Friendship is the greatest gift of life
It was a special moment to be remembered, and I remember it so well.
Toward the end of a beautiful day, the sky was azure blue and the warm sun was slowly sinking toward the western horizon. For about an hour, a friend and I enjoyed that peaceful setting. We sat on the front porch of a beautiful house and exchanged some unimportant information and engaged in a pleasant, but light-hearted conversation about ordinary events and the usual happenings of the day.
It was, indeed, a very pleasant experience and a most enjoyable and rewarding one. It was a perfect way to end a lovely day. In that blissful moment, I remembered some words of Leo Buscaglia: “A single rose can be my garden…a single friend, my world.” That lovely afternoon while in “my world” with my friend, I remembered words of Henry Van Dyke, a professor of English literature: “A friend is what the heart needs all the time.” A friend adds so much to life. Without a friend, life is desolate, and in the depth of the heart, there is a feeling of loneliness, but a friend can change that dramatically and make life immeasurably better.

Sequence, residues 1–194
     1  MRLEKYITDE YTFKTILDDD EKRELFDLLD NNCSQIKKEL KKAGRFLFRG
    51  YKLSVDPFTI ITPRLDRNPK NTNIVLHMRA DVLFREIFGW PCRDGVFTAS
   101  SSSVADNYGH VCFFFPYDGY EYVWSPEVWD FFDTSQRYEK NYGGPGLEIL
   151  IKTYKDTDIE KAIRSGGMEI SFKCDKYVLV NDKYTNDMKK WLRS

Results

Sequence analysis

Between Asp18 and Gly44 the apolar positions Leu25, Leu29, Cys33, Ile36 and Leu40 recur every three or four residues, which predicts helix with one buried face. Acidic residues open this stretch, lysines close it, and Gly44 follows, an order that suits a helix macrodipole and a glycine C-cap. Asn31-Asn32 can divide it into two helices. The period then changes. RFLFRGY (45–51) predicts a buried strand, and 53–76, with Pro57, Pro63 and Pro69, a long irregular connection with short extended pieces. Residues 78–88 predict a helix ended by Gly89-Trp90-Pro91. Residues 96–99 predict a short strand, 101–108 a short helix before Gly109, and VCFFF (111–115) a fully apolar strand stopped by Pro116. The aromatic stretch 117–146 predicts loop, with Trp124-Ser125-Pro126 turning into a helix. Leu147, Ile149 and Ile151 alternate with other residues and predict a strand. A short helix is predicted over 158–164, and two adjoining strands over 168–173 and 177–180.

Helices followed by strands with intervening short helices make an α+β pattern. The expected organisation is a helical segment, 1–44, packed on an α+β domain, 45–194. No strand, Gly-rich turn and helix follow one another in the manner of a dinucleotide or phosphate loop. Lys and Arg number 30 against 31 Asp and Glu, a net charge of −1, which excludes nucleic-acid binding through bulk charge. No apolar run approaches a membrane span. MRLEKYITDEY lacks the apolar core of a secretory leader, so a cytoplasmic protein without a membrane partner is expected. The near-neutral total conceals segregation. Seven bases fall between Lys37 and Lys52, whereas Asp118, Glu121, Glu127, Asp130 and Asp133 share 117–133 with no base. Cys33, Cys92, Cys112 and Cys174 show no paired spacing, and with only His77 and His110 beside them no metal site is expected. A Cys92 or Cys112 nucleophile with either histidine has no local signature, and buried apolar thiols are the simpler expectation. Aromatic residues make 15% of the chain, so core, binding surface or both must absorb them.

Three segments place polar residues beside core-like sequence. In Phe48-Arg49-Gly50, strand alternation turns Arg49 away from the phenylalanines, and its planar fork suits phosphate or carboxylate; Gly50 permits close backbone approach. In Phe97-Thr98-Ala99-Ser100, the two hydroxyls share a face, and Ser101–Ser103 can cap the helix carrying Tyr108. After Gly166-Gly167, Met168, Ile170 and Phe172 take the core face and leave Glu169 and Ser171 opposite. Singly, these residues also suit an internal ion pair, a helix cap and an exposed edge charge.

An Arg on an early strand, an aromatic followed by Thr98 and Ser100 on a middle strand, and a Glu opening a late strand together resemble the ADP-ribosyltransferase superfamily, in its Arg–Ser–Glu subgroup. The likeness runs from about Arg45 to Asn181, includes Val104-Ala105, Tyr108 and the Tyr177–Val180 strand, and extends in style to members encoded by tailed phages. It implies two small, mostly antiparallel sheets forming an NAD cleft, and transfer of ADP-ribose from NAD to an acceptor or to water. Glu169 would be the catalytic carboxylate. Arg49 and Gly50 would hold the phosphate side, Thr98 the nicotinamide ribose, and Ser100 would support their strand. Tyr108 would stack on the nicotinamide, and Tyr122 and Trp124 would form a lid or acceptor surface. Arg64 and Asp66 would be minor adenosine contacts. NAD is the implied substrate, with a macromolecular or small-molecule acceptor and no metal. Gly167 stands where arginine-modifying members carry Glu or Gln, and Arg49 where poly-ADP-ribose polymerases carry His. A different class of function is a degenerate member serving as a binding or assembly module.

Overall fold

Now, friendship is defined as an “attachment between friends” or a “friendly feeling or attitude” between two individuals. That relationship can, and often does, lead to some pleasant experiences. Thomas Aquinas, an influential philosopher of the thirteenth century, said, “There is nothing on earth more to be prized than true friendship.” Then, Hubert H. Humphrey, vice president of the United States from 1965 to 1969, said, “The greatest gift of life is friendship, and I have received it.” Who among us has not received that wonderful gift and been blessed immeasurably by it?
Friendship accomplishes much. Marcel Proust, considered by critics to be one of the most influential authors of the 20th century, said it well: “Let us be grateful to people who make us happy, they are the charming gardeners who make our souls bloom.”